"Bitter," says Sen. Barack Obama, the man of hope and change, about those who live Pennsylvania, small towns and the Midwest.
"You go into some of these small towns in Pennsylvania," Barack Obama said two Sundays ago to the Brie-and-chardonnay crowd at a fundraiser in San Francisco, "and like a lot of small towns in the Midwest, the jobs have been gone now for 25 years, and nothing's replaced them. And they fell through the Clinton administration and the Bush administration, and each successive administration has said that somehow these communities are gonna regenerate, and they have not. And it's not surprising then they get bitter, they cling to guns or religion or antipathy to people who aren't like them or anti-immigrant sentiment or anti-trade sentiment as a way to explain their frustrations."
I spent nearly 20 years living in the Midwest. I attended law school in Michigan, and moved to and lived in Ohio for another 15 years. I married a woman from Menominee, a small town in Michigan's Upper Peninsula. Her strong, values-oriented, working-class parents produced a doctor and two computer engineers.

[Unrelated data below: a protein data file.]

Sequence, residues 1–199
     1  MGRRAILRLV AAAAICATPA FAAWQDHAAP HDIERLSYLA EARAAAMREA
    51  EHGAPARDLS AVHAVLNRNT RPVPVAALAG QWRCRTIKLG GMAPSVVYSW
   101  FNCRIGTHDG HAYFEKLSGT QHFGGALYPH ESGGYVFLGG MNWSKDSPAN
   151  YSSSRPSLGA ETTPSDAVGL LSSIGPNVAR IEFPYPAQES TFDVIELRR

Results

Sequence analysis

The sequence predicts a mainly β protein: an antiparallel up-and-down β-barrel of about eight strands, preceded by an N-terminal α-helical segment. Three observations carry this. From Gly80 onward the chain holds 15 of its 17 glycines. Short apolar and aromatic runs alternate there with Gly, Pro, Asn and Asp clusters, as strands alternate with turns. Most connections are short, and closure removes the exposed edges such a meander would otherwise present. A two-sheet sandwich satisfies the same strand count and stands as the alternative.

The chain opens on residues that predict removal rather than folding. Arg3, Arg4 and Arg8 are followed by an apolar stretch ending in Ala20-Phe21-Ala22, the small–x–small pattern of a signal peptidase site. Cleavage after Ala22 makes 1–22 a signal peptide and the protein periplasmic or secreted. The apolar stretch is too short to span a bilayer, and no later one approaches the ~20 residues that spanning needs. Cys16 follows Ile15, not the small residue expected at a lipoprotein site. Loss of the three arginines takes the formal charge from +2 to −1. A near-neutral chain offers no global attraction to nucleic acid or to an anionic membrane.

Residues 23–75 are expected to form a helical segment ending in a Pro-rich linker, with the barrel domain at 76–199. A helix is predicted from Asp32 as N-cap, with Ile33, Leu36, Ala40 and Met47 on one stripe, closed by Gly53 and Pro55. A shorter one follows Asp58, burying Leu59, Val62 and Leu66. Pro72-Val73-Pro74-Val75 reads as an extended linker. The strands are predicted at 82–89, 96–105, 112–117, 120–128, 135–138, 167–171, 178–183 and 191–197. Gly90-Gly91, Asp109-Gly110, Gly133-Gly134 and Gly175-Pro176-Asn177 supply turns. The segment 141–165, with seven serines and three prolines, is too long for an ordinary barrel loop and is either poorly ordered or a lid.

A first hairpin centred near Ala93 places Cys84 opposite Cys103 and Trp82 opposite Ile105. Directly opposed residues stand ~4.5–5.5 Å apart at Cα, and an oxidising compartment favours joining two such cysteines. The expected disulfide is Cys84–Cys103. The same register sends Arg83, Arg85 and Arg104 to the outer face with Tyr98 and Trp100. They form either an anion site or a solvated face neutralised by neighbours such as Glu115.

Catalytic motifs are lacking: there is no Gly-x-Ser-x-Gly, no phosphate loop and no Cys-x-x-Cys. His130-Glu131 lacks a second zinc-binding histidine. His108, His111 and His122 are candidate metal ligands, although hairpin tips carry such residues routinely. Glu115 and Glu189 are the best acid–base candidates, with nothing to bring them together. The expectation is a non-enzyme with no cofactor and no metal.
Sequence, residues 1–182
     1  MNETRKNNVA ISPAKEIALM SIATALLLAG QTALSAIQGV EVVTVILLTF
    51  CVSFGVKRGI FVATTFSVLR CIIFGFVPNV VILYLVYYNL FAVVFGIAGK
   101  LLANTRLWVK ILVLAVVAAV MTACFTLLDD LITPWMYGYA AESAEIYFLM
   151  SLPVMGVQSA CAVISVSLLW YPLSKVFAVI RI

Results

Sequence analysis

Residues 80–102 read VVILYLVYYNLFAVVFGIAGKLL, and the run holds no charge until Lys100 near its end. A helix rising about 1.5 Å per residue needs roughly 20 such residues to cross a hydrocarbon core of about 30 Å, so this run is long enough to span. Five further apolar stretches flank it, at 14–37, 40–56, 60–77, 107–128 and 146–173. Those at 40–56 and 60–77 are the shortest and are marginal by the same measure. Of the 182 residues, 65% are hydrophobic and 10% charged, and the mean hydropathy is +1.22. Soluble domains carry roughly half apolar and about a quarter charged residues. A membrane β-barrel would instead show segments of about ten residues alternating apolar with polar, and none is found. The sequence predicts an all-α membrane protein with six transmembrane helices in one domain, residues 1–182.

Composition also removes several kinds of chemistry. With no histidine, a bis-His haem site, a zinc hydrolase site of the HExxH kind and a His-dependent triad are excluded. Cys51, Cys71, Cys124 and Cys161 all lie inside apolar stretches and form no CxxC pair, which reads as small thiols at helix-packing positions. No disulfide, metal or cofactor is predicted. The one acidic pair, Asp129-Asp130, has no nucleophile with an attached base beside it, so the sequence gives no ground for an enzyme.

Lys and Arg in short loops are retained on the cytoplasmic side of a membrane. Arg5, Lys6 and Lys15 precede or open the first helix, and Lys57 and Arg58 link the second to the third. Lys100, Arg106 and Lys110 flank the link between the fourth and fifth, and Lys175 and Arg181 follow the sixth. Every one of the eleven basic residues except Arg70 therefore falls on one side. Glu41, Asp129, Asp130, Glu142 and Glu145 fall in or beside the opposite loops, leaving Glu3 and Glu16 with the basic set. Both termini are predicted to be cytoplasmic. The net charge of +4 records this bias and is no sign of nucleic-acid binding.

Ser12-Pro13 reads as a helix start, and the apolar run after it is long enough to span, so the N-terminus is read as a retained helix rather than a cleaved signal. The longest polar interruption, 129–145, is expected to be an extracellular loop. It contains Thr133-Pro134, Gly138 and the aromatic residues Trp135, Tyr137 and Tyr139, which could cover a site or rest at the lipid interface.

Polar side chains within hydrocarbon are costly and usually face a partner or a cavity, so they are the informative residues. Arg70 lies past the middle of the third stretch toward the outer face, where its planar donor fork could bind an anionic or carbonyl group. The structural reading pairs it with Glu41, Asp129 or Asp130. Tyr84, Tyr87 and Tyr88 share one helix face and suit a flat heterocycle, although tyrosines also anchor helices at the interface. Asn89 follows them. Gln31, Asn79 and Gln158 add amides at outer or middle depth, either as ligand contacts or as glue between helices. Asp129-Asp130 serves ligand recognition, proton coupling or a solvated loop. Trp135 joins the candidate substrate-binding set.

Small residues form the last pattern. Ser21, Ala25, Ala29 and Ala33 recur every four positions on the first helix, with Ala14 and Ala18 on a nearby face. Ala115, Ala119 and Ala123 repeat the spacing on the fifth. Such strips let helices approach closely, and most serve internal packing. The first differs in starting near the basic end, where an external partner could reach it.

Yet people living on the East Coast and West Coast, and those with "superior education and breeding," often dismiss those living in the Midwestern and other states, especially small towns, as existing in "flyover country."
Where to begin with Obama's statement about bitterness?
"Cling" to guns? Never mind that many people in this country hunt, grow up in a "gun culture," and believe strongly that guns provide self-defense. This belief holds in both good times and bad -- not a result of some new phenomenon over "bitterness."
"Cling" to religion? Obama here insults all religious Americans, 80 to 90 percent by some polls. Obama apparently believes one embraces religion out of bitterness, not due to spirituality, values, belief in or the acceptance of and submission to a higher power. Perhaps this explains why Obama clung to the Trinity Church of Christ for 20 years, with its anti-Semitic, anti-white, anti-American, conspiracy-believing pastor, Jeremiah Wright. If Obama attended the church out of "bitterness," surely, his reasoning goes, others do so as well.